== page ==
Now that the yeast is harvested, and a sample has been collected, you need to perform some tests to ensure its quality. Since the slurry is dense, you will need to dilute it in order to count it on the haemocytometer. A dilution is calculated by taking your slurry volume and dividing it by the sum of your slurry and solvent (usually water).

 

For example, to create a 1:100 dilution of yeast slurry you can perform the following based on available equipment:

  1. Add 100 µL of yeast slurry to 9.9mL of water using micropipettes (our preferred method)

  2. Add 1mL of yeast into 99mL of water using 10-25mL pipettes.

  3. Perform a serial dilution to reach a 1:100 dilution ratio by performing multiple steps using 10-25mL pipettes:
    STEP 1: 1 mL slurry to 9 mL water (1:10 dilution ratio), followed by
    STEP 2: 1 mL of that thinner slurry added to 9 mL of water (1:10 x 1:10 = 1:100). 

Preparing Yeast for Counting

After the dilutions are successfully prepared, a small amount of the 1:100 dilution is then mixed with an equal amount of dye in a 1:1 ratio (Methylene Blue, Trypan Blue, etc.) to facilitate identification of dead yeast cells. This results in a 1:200 final dilution, which will be important later when calculating the density of the yeast slurry. A small sample of the dyed yeast is then added to the haemocytometer chamber via capillary action. This is where having a micropipette would be useful to have, as most haemocytometers have a sample capacity of ~10µL. If you do not have a micropipette, an eyedropper or disposable 1mL pipette dropper could be used. Check out this video on how to properly load a haemocytometer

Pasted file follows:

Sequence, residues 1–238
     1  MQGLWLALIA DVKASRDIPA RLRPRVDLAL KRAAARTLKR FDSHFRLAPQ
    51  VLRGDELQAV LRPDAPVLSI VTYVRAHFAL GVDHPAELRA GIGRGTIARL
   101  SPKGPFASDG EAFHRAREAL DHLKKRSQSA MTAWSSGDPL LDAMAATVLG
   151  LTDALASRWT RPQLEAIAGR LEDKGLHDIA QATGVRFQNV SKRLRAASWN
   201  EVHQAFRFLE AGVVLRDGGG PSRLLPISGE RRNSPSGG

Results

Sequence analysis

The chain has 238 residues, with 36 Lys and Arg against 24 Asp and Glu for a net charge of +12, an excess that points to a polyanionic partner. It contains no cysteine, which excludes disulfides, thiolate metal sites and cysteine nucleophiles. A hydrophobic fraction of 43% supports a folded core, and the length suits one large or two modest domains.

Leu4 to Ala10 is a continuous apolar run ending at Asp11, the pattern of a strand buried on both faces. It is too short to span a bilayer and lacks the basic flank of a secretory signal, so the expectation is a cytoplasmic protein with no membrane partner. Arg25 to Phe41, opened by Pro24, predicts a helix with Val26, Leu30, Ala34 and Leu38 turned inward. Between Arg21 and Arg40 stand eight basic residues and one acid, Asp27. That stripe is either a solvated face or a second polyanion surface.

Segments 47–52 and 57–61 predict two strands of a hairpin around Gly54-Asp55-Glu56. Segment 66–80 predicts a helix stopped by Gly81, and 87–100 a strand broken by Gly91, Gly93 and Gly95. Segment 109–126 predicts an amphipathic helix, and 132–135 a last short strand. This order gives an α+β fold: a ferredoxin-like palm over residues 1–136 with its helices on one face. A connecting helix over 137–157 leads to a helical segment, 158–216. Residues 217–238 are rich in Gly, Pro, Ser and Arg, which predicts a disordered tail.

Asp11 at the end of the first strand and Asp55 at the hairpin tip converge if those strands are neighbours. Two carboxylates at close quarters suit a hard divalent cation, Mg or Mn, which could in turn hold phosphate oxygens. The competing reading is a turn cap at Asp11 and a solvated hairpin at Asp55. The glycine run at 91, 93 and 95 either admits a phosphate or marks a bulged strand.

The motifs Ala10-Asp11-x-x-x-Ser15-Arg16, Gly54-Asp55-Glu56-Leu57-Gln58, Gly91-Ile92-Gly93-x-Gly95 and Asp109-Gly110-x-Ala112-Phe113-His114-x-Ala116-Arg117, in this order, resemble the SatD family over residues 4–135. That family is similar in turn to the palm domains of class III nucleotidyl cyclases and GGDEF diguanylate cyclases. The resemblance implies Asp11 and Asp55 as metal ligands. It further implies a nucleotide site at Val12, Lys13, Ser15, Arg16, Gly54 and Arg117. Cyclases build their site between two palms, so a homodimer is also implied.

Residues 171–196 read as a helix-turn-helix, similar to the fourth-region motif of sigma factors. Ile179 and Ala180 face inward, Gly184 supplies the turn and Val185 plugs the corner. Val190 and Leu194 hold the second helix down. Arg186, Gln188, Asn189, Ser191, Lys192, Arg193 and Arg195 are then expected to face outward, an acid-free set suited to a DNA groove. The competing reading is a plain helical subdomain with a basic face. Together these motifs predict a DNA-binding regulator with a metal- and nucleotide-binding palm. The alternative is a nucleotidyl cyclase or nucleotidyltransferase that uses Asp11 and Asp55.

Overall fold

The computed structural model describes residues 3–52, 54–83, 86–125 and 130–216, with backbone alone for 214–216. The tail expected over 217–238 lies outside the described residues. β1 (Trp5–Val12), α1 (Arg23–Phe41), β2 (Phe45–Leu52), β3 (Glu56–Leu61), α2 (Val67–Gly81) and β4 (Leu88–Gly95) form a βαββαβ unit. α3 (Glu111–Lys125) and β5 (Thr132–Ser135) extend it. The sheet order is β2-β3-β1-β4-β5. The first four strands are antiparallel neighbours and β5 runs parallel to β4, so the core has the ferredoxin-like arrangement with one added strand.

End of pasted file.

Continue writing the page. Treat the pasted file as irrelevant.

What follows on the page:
Counting Region

A haemocytometer contains numerous cell counting regions for varying sizes of cells such as blood (quite large) and yeast (small-ish). For counting yeast, there’s a smaller counting region within the center of the counting chamber that looks like Figure 3 below. It contains 25 regions, and for counting yeast (or any evenly-distributed sample), only the four corners and middle regions will be counted. Within each of these regions (pink highlighted regions in Figure 3) is 16 squares, all of which will be filled with cells and counted to obtain the correct cell density. From this count, we can estimate how many yeast cells are in our sample.

Figure 3: Zoomed out view of yeast counting regions on Haemocytometer, with the pink squares indicating which regions are to be counted. Each region contains 16 sub-regions, all of which are to be included in the counting process.
 

Please note that counting at the magnification shown above is nearly impossible and not recommended, so zooming in is necessary to be able to identify the difference between a live and dead cell. Often, this is achieved by using the 40x objective lens (400x total magnification) so it is important to source a microscope capable of reaching this level of magnification.

Which yeast to count? When is it dead or alive?

It is important to count both the alive and dead yeast within the counting regions, in order to know the viability and overall health of the yeast slurry. When a yeast cell is dead or dying, the cell is unable to process the dye and thus the cell remains blue. It is safe to assume that any tinge of blue in the cell means the yeast won’t contribute in any significant way to your fermentation, and should be added to the “dead yeast count”.